Banking on Digital Growth
Banking on Digital Growth

Episode · 6 months ago

167) #ExponentialInsights - Why Honesty is Essential in Your Growth Journey

ABOUT THIS EPISODE

Sometimes you just need to hear the brutal truth to motivate you to take action and achieve your full potential.

Twenty years ago, my guest delivered a brutal truth that launched my journey of creating the Digital Growth Institute. My wife, Delena Dow Lay, told me my band sucked.

In this special episode, we look back at the beginnings of the Digital Growth Institute and the lessons we’ve learned along the way. Whether you’re in marketing, sales, or leadership at a fintech, Delena has wisdom to share with us all.

Join us as we discuss:

- The value of being honest with ourselves and experiencing failure

- Why it’s so important to reach out for help when you get stuck

- The need to disconnect from tech to reconnect with ourselves

- The origin of “Be well. Do good. And make your bed.”

You can find this interview and many more by subscribing to Banking on Digital Growth on Apple Podcasts , on Spotify , or here .

Listening on a desktop & can’t see the links? Just search for Banking on Digital Growth in your favorite podcast player.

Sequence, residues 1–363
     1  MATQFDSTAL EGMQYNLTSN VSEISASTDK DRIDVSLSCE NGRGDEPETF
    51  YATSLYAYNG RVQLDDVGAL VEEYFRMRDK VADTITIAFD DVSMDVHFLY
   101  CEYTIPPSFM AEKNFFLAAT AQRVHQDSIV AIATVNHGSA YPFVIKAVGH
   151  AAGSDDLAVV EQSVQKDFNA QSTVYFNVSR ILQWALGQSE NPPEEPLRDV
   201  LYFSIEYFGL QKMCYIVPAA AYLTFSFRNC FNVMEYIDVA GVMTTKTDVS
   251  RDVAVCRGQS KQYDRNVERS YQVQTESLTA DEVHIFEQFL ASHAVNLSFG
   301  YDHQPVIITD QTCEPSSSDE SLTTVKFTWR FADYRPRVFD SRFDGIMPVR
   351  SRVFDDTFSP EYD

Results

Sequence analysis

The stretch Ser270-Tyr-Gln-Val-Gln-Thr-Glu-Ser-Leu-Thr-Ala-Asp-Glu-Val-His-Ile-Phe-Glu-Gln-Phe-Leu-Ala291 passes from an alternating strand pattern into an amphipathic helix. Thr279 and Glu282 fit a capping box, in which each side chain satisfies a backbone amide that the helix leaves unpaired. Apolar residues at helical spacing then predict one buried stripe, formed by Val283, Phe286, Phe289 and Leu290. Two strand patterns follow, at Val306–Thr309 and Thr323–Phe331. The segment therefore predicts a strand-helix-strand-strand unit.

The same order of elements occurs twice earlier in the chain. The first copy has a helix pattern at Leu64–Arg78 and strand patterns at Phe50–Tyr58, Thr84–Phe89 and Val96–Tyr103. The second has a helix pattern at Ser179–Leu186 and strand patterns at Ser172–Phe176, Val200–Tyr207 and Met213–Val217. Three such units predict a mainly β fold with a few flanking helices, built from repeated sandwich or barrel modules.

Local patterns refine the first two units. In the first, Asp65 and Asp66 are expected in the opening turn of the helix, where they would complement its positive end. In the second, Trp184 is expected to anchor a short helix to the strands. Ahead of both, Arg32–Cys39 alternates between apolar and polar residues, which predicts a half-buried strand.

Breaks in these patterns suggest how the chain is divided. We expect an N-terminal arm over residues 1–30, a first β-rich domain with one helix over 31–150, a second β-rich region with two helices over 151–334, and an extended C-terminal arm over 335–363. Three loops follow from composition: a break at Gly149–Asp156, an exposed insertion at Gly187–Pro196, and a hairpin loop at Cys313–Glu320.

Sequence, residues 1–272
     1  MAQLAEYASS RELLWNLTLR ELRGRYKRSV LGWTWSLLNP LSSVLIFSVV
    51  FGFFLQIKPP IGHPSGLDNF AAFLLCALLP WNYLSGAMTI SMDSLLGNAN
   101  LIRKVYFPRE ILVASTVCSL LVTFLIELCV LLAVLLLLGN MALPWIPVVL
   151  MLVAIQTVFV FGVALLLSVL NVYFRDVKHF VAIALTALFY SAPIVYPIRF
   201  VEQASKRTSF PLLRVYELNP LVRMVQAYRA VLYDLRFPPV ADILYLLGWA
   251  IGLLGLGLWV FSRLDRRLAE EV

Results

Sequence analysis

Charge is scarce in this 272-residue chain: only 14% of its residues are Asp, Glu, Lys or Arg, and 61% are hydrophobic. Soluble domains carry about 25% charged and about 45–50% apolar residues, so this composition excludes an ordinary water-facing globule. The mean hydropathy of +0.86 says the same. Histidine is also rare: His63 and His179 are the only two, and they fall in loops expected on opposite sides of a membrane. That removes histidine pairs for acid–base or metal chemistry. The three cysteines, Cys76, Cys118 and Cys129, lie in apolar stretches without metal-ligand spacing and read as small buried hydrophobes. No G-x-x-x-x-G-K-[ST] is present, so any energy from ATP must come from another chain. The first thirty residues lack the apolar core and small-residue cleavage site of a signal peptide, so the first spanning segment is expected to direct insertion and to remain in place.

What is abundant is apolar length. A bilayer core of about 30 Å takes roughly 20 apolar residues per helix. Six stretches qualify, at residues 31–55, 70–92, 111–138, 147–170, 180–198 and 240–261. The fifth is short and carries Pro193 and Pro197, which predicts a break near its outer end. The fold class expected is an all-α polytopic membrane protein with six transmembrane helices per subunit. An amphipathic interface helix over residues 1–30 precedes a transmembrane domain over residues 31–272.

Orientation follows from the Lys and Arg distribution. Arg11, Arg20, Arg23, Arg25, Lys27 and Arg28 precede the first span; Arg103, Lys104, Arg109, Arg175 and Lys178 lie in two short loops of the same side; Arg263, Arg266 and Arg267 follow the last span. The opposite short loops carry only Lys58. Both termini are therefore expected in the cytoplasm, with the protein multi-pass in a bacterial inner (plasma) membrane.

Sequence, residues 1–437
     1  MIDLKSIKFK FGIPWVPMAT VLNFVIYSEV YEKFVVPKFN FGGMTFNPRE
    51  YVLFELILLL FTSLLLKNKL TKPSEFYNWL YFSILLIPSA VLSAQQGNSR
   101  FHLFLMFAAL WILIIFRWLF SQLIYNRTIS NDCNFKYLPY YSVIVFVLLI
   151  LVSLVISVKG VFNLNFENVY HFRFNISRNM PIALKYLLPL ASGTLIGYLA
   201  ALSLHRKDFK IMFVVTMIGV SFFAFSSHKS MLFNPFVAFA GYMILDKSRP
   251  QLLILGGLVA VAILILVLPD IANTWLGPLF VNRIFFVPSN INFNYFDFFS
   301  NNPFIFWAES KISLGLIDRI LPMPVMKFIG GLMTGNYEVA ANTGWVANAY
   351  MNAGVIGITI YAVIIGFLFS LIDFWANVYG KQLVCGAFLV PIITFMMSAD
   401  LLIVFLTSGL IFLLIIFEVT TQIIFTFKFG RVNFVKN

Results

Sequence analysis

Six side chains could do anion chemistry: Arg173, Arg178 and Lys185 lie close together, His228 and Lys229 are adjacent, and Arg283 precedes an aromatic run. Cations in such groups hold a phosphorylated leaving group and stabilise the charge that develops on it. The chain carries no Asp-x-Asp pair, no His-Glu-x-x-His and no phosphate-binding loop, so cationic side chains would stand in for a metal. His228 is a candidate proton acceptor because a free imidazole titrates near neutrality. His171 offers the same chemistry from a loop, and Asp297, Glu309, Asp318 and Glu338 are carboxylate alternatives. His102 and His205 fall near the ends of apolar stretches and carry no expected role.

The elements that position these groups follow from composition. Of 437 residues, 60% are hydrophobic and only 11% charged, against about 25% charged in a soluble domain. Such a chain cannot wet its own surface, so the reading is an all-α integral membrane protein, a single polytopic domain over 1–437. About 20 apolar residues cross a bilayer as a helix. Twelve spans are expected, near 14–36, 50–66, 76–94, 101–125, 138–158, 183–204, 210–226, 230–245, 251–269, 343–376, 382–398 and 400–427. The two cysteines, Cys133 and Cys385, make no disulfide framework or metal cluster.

If you're not honest with yourself, there's no way that you'll ever grow, because you will never realize the truth. You'll be covering up things, and covering up is the worst thing that you could possibly do. You're listening to banking on digital growth with James Robert Leigh, a podcast that empowers financial brand, marketing, sales and leadership teams to maximize their digital growth potential by generating ten times more loans and deposits. Today's episode is part of the exponential insight series, where James Robert Lay interviews the industry's top marketing, sales and FINTECH leaders, sharing practical wisdom to exponentially elevate you and your team. Let's get into the show. Greetings in Hello, I am James Robert Laigh and welcome to the one hundred and sixty seven episode of the banking on digital growth podcast. Today's episode is part of the exponential insight series and I'm excited to welcome a very special guest to the show today. This person has, in fact, provided me with exponential insight and wisdom, as this person has been with me on my own journey of growth to build and grow the Digital Growth Institute over the last twenty years. That's why this is a special episode because in fact, it was twenty years ago, on February eleven, two thousand and two, I founded what would go on to become the digital growth institute because of this person, and that's why I'm excited to welcome to the show my wife, Delina, who is my best friend. She is a woman of Valor, of Wisdom, of noble character. She is God's blessing to me, an angel without wings. She is my helpful guide and an amazing mother to our four beautiful children. Delina has been my ride or die. She's been by my side on this journey since day one, and so, since starting this journey twenty years ago this year, this month, I thought it would be fun to take you behind the scenes just a bit to learn from Delina, as I have, because I know that she can help us all grow on our own journeys of growth, whether you're in marketing or cells or leadership out a financial brand or Fintech, Delina has wisdom to share with us all. So welcome to the show, Delina. Thank you. You know you have the distinct honor of being my first in studio guests. No one has ever joined me in the studio in person before. So I am glad that you are here today. I'm happy to be here, but I'm going to tell you I'm not going to go easy on you just because you're my wife and that doesn't mean that you can escape the first question that I ask every guest, which is what has been good for you since starting two thousand and twenty two? I think it would be more on a personal level. would be more so our relationship. I think that we've kind of started fresh on multiple levels. So it's been great, refreshing, I would say, for the beginning of two thousand and twenty two. What would you attribute that to? That will call it that refreshing? Maybe a renewal because I think for context for the dear listener, we we've been married almost sixteen years. We've known each other since our freshman year of high school, First Day, first period, Miss Bungoes, English class. Now we were not high school sweetheart. So I think that's very important to let everyone know. Yes, and and we'll get and we'll get into that story and a bit. But what we do you attribute that renewal to? I would say for the most part I'm very positive person and that whenever your environment changes, it's hard to...